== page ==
EDPB adopts opinion on “main establishment” of a controller in the EU

Published on 17 April 2024

The question

What is meant by “main establishment” under article 4(16)(a) of the GDPR for the purposes of determining the application of the one-stop-shop mechanism?

The key takeaway

The European Data Protection Board (EDPB) has clarified in a recent Opinion that for a controller’s “place of central administration” or “another establishment of the controller” to be considered a “main establishment” for the purposes of Article 4(16)(a), it must be based in the EU and take the decisions on the purposes and means of the processing of personal data and have power to have these decisions implemented.

The background

The GDPR contains a “one-stop-shop mechanism” which allows controllers engaged in cross border EU data processing and who have a “main establishment” to deal with a single lead supervisory authority for most of its processing activity. The supervisory authority of the EU member state where that controller’s “main establishment” is located will be the lead supervisory authority.

There has previously been some ambiguity in Article 4(16)(a) as to whether the same criteria apply to “places of central administration” and other “establishments of the controller” when assessing if a controller has a “main establishment”.

On 10 October 2023, the French Supervisory Authority (FR SA) requested the EDPB to issue an opinion on the notion of “main establishment” of a controller under Article 4(16)(a), and on the criteria for the application of the one-stop-shop mechanism, particularly in reference to a controller’s “place of central administration”.

The development

First, the EDPB noted that “place of central administration” is not defined in the GDPR but should be understood in the wider context of EU law as being the place where the most important decisions of an organisation are taken.

With regard to the specific question raised by the FR SA, the EDPB concluded that:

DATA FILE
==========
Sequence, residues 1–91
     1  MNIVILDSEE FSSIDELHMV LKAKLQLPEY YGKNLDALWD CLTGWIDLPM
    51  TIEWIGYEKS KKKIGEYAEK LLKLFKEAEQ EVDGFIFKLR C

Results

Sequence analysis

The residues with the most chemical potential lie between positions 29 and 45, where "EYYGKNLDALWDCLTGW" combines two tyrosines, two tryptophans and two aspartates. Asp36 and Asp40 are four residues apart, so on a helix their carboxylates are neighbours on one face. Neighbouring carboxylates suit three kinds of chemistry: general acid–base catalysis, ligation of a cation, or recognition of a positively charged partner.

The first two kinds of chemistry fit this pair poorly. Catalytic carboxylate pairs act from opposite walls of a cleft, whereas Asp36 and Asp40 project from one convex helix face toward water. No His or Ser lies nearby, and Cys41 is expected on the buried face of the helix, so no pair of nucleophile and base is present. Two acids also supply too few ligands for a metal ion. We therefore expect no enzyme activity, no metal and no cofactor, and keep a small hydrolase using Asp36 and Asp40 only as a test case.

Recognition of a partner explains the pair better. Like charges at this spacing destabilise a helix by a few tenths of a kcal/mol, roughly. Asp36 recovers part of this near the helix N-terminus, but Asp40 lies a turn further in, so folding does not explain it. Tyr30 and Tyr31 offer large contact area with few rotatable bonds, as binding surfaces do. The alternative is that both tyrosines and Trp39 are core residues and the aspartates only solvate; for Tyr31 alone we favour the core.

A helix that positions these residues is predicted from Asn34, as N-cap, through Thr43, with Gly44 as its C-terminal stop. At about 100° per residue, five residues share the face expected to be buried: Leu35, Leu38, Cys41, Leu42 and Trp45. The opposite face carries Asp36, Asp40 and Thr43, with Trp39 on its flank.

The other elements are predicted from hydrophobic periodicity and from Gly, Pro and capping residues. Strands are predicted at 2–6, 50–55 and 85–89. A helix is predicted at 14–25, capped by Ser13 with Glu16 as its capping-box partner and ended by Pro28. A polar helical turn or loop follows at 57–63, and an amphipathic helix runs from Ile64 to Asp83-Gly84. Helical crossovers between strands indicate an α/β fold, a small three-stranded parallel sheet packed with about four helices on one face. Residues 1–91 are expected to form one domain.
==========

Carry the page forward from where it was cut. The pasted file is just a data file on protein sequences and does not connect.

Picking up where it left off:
• a controller’s “place of central administration” can only be considered as a “main establishment” under Article 4(16)(a) if it takes the decisions on the purposes and means of the processing of personal data and it has power to have these decisions implemented. A controller’s “place of central administration” will therefore not necessarily be a “main establishment”, and “another establishment” of the controller may instead be its “main establishment” if it is taking the decisions on the purposes and means of the processing of personal data and has the power to have those decisions implemented;
  • a controller’s “place of central administration”/other establishment can also only be considered a “main establishment” if it is in the EU. Therefore, when the decisions on the purposes and means of processing and the power to have such decisions implemented are exercised outside of the EU, there will be no “main establishment” under Article 4(16)(a) GDPR, and the one-stop-shop mechanism should not apply.

Why is this important?

Where organisations rely on the one-stop-shop mechanism, their lead supervisory authority will have primary responsibility for supervising the majority of their processing activity.

Organisations need to understand how they are regulated, and by clarifying what is meant by a “main establishment” under article 4(16)(a) of the GDPR, this EDPB opinion provides useful guidance on when the one-stop-shop mechanism might apply, and if it does, which supervisory authority is likely to have principal responsibility for supervising a controller organisation’s processing activity.

Any practical tips?

The burden of proof in demonstrating where a controller’s processing decisions are taken and where the power to implement such decisions lies ultimately falls on controllers, and so controller organisations will need to carry out a self-assessment if they intend to rely on the one-stop-shop mechanism. The EDPB suggests as an example that an organisation’s privacy policy and its Article 30 record of processing activity may be relevant elements to consider as part of this assessment.

Controllers should also note that all competent supervisory authorities (ie not just the lead authority) retain the right to challenge any such assessment, and have a corresponding right to request further information from controllers. Controller organisations should therefore carry out any assessment objectively by reference to their actual processing activities, whilst being mindful that the GDPR does not permit “forum shopping” in the identification of the “main establishment”.

Spring 2024

Stay connected and subscribe to our latest insights and views 

Subscribe Here